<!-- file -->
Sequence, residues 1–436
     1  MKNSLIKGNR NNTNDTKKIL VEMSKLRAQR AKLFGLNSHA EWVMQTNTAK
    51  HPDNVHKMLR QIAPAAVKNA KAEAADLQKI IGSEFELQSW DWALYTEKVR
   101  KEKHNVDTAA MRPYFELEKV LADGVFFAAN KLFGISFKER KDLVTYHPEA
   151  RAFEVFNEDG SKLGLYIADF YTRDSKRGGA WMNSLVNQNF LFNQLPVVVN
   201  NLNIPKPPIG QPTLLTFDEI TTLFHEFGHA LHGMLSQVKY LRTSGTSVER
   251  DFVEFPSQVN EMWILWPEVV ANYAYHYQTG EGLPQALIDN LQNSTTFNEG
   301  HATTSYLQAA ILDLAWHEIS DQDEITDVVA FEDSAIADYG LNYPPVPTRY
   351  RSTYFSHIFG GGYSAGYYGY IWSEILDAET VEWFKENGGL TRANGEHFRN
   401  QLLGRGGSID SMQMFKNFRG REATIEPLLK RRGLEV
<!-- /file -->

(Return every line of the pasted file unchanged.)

Sequence, residues 1–436
     1  MKNSLIKGNR NNTNDTKKIL VEMSKLRAQR AKLFGLNSHA EWVMQTNTAK
    51  HPDNVHKMLR QIAPAAVKNA KAEAADLQKI IGSEFELQSW DWALYTEKVR
   101  KEKHNVDTAA MRPYFELEKV LADGVFFAAN KLFGISFKER KDLVTYHPEA
   151  RAFEVFNEDG SKLGLYIADF YTRDSKRGGA WMNSLVNQNF LFNQLPVVVN
   201  NLNIPKPPIG QPTLLTFDEI TTLFHEFGHA LHGMLSQVKY LRTSGTSVER
   251  DFVEFPSQVN EMWILWPEVV ANYAYHYQTG EGLPQALIDN LQNSTTFNEG
   301  HATTSYLQAA ILDLAWHEIS DQDEITDVVA FEDSAIADYG LNYPPVPTRY
   351  RSTYFSHIFG GGYSAGYYGY IWSEILDAET VEWFKENGGL TRANGEHFRN
   401  QLLGRGGSID SMQMFKNFRG REATIEPLLK RRGLEV